What does it mean to teach well? Accomplished biologist, Bill Wood, explains that this means shifting away from focusing on "What I do as an instructor to what students will do to learn." Here is a video with examples of different types of teaching - notice, what is the instructor doing? What are the students doing? Who is doing the thinking and the work, the instructor or the students? 

The types of teaching these instructors are doing are often described as "active learning" because, at certain points during class, the instructor stops talking and students engage in a task that helps them make progress toward achieving a learning objective

Why do we need to make use of active learning strategies instead of simply lecturing? Here from scientists across the country reflecting on teaching and learning, and why they moved away from lecturing to using active learning strategies:

How to get started

It is often difficult for instructors to envision entirely revamping their courses to use active learning, but small changes can make a big difference. Here are some places to start:

  • Ask questions and give students time to think and discuss their ideas with a neighbor before responding (also known as "think-pair-share"). At a natural stopping point in your lecture, ask a challenging question that requires students to apply what you have just lectured about. Give students one minute to think about their responses, then another minute or two to discuss their responses with a neighbor, and then call for volunteers to answer. This will help ensure everyone has time to think through the question, and to articulate and get feedback on their responses in a low stakes way before the high stakes experience of talking in front of the whole class (including the instructor!). Walk around the class to see whether students are on track with their thinking as they discuss with their neighbors.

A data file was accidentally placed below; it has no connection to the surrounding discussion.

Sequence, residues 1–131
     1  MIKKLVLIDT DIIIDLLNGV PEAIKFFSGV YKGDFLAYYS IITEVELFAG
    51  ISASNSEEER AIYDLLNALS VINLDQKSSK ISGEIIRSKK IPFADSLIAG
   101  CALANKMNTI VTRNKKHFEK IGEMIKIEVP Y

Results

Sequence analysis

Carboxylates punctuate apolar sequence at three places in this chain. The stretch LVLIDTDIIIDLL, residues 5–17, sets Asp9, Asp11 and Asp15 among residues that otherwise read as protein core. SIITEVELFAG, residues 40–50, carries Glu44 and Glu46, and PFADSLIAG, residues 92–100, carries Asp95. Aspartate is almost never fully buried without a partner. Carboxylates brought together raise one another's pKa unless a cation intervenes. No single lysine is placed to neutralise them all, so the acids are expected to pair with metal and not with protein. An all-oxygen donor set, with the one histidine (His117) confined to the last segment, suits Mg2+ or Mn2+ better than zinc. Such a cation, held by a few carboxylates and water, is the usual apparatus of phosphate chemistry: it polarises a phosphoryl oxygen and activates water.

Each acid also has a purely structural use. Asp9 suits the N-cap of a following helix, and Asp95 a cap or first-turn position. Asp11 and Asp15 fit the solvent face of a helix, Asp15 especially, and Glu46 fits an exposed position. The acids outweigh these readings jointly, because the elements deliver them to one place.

• When you ask a question, wait until you have at least four students raising their hands before you call on anyone. This will help ensure everyone has time to think through and respond to the question - not just the first two to three students who always answer the questions you pose. An even better strategy for encouraging all students to think about and respond to your questions is to cold call - randomly select students from the class roster to respond to a question. This can be a scary experience for students and can backfire if the student happens to be absent for a legitimate reason. Having a back-up plan can help reduce anxiety, such as allowing students to pass and instead be responsible for answering the next question, giving students two to three passes during the semester (an absence counts as a pass), or allowing students to ask a friend for help. 
  • Diagnose what students know and teach accordingly. Ask your students a question about the material you are planning to teach BEFORE you begin to teach it. This can happen before class after they have completed a reading, or during class before you begin new material. If students already know the material, you can use the time to teach something they don't know or understand. 

See it in action

There is no single, right way to teach actively, just like there is no single, right way to design an experiment or solve a complex problem. Here are just a few examples of what an active learning classroom can look like:

Learn more

For more ideas about how to actively engage students in learning, see:

To assess your own use of active learning strategies, which are also called research-based or evidence-based teaching strategies, see: